The following quote is by John Ray from a correspondence with Mr. Edward Lhwyd on April 8 1695. The quote is from a publication of Ray’s letters called the Further Correspondence of John Ray Edited by Robert W. T. Gunther and printed for the Ray Society in 1928.
I need to set the scene for this quote for its impact to be understood. Ray is a typically mild-mannered and gracious in his letters even to many of those for which he strongly disagrees. That makes this quote really stand out among many others. The subject of Ray’s ire is Dr. John Woodward who had been promoting a new book An Essay Toward a Natural History of the Earth (1695). This book promoted the idea that fossils represented past living things and to explain the presence of fossils in so many rock strata and fossil shells at the tops of mountains Woodward proposed that the Noahic Flood had resulted in all these fossils. In many ways Woodward is one of the most important fathers of creation science. Dr. Woodward, an English naturalist was well known for his unflinching defense of the global flood and his scientific theories as proof of the Scripture. So much of Woodward’s writing reminds me of the type of language use by Ken Ham and others in the creation science movement today. As I read this letter it was as if Ray were talking about Ham and Safarti. Woodward was so sure and so quick to claim his views were the Biblical views and yet today even creation scientists would cringe to read his theories of the global Flood. Ray, himself a believer in a global flood, obviously cringed to see so little care taken with the actual evidence from nature. Many other natural theologians thought Woodward’s ideas far-fetched but that did not stop his ideas from becoming fairly popular and inspiring numerous more complex adaptions of his theories to be propounded including those of the current resurgence of flood geology rekindled by the publication of The Genesis Flood by Whitcomb and Morris in 1961.
From the letter to Lhwyd of April 8 1695:
“As for Dr. Woodward’s Hypothesis, if he had modestly propounded it as a plausible conjecture, it might have passed for such; but to goe about so magisterially to impose it upon our belief, is too arrogant & usurping. I cannot but wonder to find such a strain of confidence & presumption running through his whole book that he should be so highly conceited of an Hypothesis for wch he hath no other proof but a negative one, I mean, that those bodies must by this means be thus lodged & disposed, because they could not possibly be so otherwise. But first we are to examine ye Phaenomena upon wch he ground this Hypothesis. I suspect they will all answer. You have proposed one strong objection about ye Echini, wch I doe not see how he can remove, & for my part, I have gathered cockle shells wch are of the heaviest, upon ye surface of the Earth both in England & beyond ye Seas in great plenty. I shall not further censure it, only give you my very good friend Dr. Robinson’s opinion of the Author & his Work. He writes (saith he) with a high hand, unbecoming his station & character, & sows too much ostentation. He has taken part out of Steno’s Prodromus, & your Works, in ye rest he is singular vain and impetuous. He pretends to have compared ye Old &New World in every particular, but in discoursing with him I discover his ignorance in ye History of both, especially Asia & America, where he affirms ye Animals are ye same, & ye migration out of the first into ye latter demonstrable, though he knows not when nor wch way. His motion of Gravity is ridiculous (though he tells me he hath written 40 sheets upon it) as also that of Spring &c from ye Abysse, the heat or fire being between. I wonder how his shells should sink lower than metals in ye great Fluid, or how the whole Fossil part of ye Globe should be dissolved in ye Deluge when as the Animal & Vegatable remained entire & untouched. But the revealing of these secrets he reserves for his greater Work, to set us alonging for the publication of it.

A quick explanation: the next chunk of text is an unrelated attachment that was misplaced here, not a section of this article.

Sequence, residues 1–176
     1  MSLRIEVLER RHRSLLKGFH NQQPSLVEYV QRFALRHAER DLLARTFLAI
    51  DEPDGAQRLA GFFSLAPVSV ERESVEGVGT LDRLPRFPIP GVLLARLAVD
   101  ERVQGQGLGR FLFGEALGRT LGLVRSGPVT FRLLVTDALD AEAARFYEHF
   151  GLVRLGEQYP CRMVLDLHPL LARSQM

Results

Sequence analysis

In another letter he tells me that his [several worlds are scores through and overwritten] an Argument of their skill in Natural Philosophy. Indolent men that have not been conversant in these studies & enquiries, nor taken any paines to search out & examine these bodies, & observe their places & beds, cannot be [compe]tent Judges of these things. The Dr. proceeds. “I take Mr. Lhwyd of Oxford [to be a] man of another temper, & greater both skill & discretion, & wonder his friends to not presse him to publish his Lithology , wherein I expect to find matter of sense and soundness of Judgement without any Chimerical whimsies or Castles in ye Air.”